A week after the terrorist attacks of September 11, 2001, the editor of Vanity Fair, Graydon Carter, was quoted as saying that ‘the end of the age of irony’ had arrived, while Roger Rosenblatt, of Time, wrote: ‘One good thing could come from this horror: it could spell the end of the age of irony’. The affirmation that irony had died seemed to be confirmed in those first weeks, with many other commentators foreshadowing the demise of black comedy and cynicism in a post-9/11 climate where, according to John Duvall, ‘a new form of PC (Patriotic Correctness) shaped most discussions of the US response to terrorism domestically and globally’ (280).
The horrors of 9/11 led some critics to proclaim the end of the age of irony
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However, both Carter’s and Rosenblatt’s assertions were soon contested, when Michiko Kakutani of The New York Times and Zoe Williams of The Guardian (among many others) wrote authoritative pieces to the contrary. Kakutani, in her ‘Critic’s Notebook: The Age of Irony Isn’t Over After All’, reminded the public that ‘disturbing historical events have tended to elicit not PG-rated displays of inspirational good taste but darker works of art resonating with a culture’s deepest fears and forebodings’; Williams’s ‘The Final Irony spoke of a type of engaged irony that has the capacity to question shallow patriotism, pompous rhetoric, and official lies. As Ted Gournelos and Viveca S. Greene seek to demonstrate in A Decade of Dark Humor: How Comedy, Irony, and Satire Shaped Post-9/11 America, ‘humor, irony, and satire were not only shaped by 9/11 and its aftermath, but were also pivotal in shaping responses to the events’ (xii).
However, even if largely dismissed by the media by now, the ‘death of irony’ still serves to kindle an ongoing debate over whether irony has died or not, and what ‘irony’ really means. For instance, Andy Newman’s 2008 piece in The New York Times ‘Irony Is Dead Again. Yeah, Right’ is one among many pieces published in recent years. There seems to be a general consensus that irony did not die on 9/11: often-cited examples include The Onion’s ‘U.S. Vows to Defeat Whoever It Is We’re at War With’ from 2001 and Saturday Night Live’s sketches in October of that year. However, the idea that irony died still ‘has a certain resiliency in academic criticism’ according to John Duvall (279), and some continue to argue that ‘irony never really did make a comeback after 9/11’ (Hirschorn).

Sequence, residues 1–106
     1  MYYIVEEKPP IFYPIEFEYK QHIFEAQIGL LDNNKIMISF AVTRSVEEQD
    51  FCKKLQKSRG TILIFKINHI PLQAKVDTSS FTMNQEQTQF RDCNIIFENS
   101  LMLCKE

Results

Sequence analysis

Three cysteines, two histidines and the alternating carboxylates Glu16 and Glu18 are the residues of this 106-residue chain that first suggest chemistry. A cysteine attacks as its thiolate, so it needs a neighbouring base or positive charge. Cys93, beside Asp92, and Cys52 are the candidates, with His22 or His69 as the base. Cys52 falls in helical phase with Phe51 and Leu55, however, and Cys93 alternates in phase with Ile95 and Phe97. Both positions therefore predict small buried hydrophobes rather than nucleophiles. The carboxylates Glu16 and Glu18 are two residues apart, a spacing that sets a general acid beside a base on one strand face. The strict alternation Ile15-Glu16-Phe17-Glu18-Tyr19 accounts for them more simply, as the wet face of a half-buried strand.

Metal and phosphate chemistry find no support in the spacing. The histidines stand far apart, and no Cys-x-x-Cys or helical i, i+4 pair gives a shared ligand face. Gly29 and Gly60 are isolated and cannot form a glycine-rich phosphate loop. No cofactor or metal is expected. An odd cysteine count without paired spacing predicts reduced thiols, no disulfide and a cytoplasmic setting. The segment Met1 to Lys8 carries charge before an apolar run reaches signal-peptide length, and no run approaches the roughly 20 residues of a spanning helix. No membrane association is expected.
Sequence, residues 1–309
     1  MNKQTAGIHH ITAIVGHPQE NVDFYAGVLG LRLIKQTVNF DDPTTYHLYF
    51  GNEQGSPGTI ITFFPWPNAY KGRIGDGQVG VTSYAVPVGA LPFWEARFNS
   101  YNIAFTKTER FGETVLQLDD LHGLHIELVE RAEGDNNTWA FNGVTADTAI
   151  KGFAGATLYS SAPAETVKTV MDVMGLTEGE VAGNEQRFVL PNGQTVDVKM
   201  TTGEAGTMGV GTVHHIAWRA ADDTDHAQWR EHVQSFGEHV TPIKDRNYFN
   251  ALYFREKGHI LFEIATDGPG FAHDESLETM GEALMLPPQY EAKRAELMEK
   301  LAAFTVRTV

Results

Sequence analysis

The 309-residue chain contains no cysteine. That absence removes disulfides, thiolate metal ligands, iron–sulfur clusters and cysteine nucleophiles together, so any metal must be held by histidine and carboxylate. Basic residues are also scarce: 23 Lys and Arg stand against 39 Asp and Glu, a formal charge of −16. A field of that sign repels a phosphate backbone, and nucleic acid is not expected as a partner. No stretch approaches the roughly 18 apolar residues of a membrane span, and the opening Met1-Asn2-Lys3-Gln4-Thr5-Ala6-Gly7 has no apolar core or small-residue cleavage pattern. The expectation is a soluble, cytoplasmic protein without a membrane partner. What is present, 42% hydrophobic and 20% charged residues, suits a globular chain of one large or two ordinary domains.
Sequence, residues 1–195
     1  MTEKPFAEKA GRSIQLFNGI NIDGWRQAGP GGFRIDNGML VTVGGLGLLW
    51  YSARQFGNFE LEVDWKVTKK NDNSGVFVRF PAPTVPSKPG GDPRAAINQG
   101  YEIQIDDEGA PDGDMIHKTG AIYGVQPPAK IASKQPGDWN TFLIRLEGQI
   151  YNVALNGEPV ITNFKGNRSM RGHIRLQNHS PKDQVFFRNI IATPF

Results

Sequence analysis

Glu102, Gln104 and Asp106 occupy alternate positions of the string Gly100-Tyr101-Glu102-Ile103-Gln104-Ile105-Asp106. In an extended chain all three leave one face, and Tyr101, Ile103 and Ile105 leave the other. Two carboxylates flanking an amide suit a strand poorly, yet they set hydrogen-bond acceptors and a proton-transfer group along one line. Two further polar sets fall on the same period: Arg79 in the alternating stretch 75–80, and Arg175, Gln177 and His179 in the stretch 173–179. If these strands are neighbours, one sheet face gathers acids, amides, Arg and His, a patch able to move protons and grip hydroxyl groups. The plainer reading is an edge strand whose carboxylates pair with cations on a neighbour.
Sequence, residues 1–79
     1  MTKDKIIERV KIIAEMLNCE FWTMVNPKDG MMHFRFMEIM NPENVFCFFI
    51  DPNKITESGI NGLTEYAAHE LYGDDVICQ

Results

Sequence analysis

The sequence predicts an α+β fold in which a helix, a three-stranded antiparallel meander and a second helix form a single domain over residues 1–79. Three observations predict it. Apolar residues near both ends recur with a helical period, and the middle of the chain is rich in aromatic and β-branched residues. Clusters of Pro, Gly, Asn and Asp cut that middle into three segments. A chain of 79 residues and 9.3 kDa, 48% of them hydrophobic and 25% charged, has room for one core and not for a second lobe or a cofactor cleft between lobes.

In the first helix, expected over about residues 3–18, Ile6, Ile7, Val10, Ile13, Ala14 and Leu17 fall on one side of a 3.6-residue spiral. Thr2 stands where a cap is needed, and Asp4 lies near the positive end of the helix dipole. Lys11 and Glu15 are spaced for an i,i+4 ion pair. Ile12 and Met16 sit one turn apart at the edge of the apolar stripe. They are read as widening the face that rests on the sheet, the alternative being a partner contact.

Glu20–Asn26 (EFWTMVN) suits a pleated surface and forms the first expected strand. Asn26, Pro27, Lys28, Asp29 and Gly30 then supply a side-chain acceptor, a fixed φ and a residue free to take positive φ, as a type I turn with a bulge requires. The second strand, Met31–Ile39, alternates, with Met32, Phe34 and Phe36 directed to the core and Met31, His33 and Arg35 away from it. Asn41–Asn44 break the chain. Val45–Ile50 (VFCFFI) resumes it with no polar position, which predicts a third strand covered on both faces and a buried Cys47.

The ‘death of irony’ debate is still ongoing and a consensus is yet to be found
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If we examine 9/11 literary fiction, a point could be made regarding the death of irony. If we remember the self-questioning that fiction writers underwent in the wake of 9/11 as regards the ability – and validity – of fiction to effectively address such an event. As fiction writers were expected to ‘give meaning’ to 9/11, and while there have been increasing efforts by cultural media to define and find ‘the great 9/11 novel’, there was also the suspicion that fiction was not able to provide the kind of understanding the American public was seeking. Novelists themselves (Ian McEwan, Jay McInerney and Martin Amis, among others) did acknowledge that, for a while, fiction seemed inadequate and even frivolous. McInerney retells how Norman Mailer admonished him to wait ten years before writing about 9/11, because that was how long it would take him to gain some perspective on it (McInerney went ahead and published The Good Life in 2006). Validating Mailer’s advice, journalist Rachel Donadio argued in 2005 that it was ‘safe to say that no novels have yet engaged with the post-September 11 era in any meaningful way’, in her piece for The New York Times, ‘Truth is Stronger Than Fiction’.
While it is difficult to determine what exactly makes a ‘great 9/11 novel’, it seems that such a text would have the ability to make sense of the event and guide us through the process of understanding in the complex ways that fiction permits. As McInerney wrote in 2005, ‘[w]e desperately want to have a novelist such as McEwan or DeLillo or Roth process the experience for us’. Novelists did respond to the event right away, mostly in non-fiction form at first, and some as early as September of that same year (for example, Susan Sontag, John Updike, Jonathan Franzen and Richard Powers). In one of these first responses to 9/11 by fiction writers, DeLillo already resisted ‘the demand to speak with moral clarity and declare what the event means’ (Abel 1236). In his harrowing essay ‘In the Ruins of the Future’ (published in December 2001) he suggested that ‘response is always a question of response-ability, or the ethical how’ (Abel 1236). Acknowledging the multiplicity of stories, ‘crisscrossing New York, Washington, and the world’ (34), DeLillo made evident the difficulty of the task at hand. ‘The event itself has no purchase on the mercies of analogy or simile’, he wrote, resonating Richard Powers’ feelings that ‘[t]here are no words. But there are only words. To say what the inconceivable resembles is all that we have by way of learning how it might be outlived. No comparison can say what happened to us’.
In the face of 9/11, novelists themselves acknowledged that, for a while, fiction seemed inadequate and even frivolous
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In this cultural climate, when the prevailing mood was to delve into the inexpressible nature of what was deemed collective trauma (‘it’s like a movie’ seemed to be the most apt description), the first 9/11 novels began to be published. These first texts dealt mostly with individual and cultural trauma, seeking to reflect on personal losses within the larger framework of collective grief. When DeLillo published the much-awaited Falling Man in 2007, many reviewers shared the impression that it was ‘a terrible disappointment’; the novel was considered to be too turned in on itself, ‘mired in domesticity’ (Gray 30), as it re-dimensioned the tragedy of the collapse of the Twin Towers back to a domestic scale, focusing on the private ruminations of a 9/11 survivor. Other works of 9/11 fiction, were slammed by critics or received highly-contrasting reviews, such as Jonathan Safran Foer’s Extremely Loud and Incredibly Close (2005), judged by many as too sentimental to convey the horror of 9/11, or even defined as ‘obscene’ and ‘pornographic’ due to their detailed descriptions.